Apparently the price gap between new and used cars is narrowing and recent tax cuts for small-engine vehicles will erode it further. Mr Zou and other used car dealers believe it is still easier to make money on used cars than new - provided they are black or grey. Light coloured cars are not good sellers. Chinese people have a worldwide reputation for thrift but Chinese consumers prefer their cars (and houses) to be new - if they can afford them. (From The Financial Times 5/2/09)

Minister calls in Confucius to raise school standards

Jim Knight, the schools minister wants to import the teachings of Confucius into English classrooms in the hope that they might boost exam results. He says that every pupil should have access to learning Mandarin and is drawing up plans to spread the wisdom of the Chinese sage throughout comprehensives. He believes there is much we can learn from Chinese culture and Confucius, who said that, alongside knowledge, you should have time to think.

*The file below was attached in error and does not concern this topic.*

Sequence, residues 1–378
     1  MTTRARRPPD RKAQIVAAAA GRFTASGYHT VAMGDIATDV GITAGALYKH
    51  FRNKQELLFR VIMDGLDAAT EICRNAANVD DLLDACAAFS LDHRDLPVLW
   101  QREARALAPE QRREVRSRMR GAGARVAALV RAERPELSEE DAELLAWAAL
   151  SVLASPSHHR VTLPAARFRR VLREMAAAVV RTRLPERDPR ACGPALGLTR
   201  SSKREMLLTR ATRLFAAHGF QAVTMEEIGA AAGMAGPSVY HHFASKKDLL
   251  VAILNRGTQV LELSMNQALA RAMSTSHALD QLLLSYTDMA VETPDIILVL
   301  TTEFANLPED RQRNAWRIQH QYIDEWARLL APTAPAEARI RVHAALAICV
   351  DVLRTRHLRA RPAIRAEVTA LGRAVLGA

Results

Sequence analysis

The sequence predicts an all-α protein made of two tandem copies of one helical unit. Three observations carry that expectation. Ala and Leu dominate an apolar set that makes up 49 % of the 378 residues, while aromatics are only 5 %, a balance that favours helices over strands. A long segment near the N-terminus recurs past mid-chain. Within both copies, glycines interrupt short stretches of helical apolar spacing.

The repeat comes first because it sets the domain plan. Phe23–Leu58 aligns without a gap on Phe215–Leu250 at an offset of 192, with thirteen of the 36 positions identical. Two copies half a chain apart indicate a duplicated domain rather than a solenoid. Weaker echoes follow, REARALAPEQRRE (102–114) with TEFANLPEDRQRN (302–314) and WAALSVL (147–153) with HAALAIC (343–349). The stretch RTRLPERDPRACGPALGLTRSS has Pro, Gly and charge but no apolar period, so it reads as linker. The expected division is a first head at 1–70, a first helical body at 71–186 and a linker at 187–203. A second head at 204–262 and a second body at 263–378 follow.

Mr Knight added that it is not just about the acquisition of knowledge, but respect for the importance of education and the family. He would like to see this engendered in our culture as well as it is in China.

He announced this new initiative following a fact-finding trip to China to see how schools in England might benefit from Chinese teaching methods. The Department for Children, Schools and Families wants to know why children from Chinese backgrounds outperform every ethnic group in Britain. During the trip he discussed setting up a network of 'Confucian classrooms,' which would be centres of excellence in teaching Mandarin and Chinese culture in English state schools.

Chinese pupils have the best results of all ethnic groups in national curriculum tests at the age of 11 with 86% reaching the required standard compared with 80% of white British children. The figures include recent immigrants who do not have English as a first language. This success is continued to GCSE level where 65.8% of Chinese-origin pupils obtain five A* to C grade passes including maths and English, compared to 44.3% for white British pupils.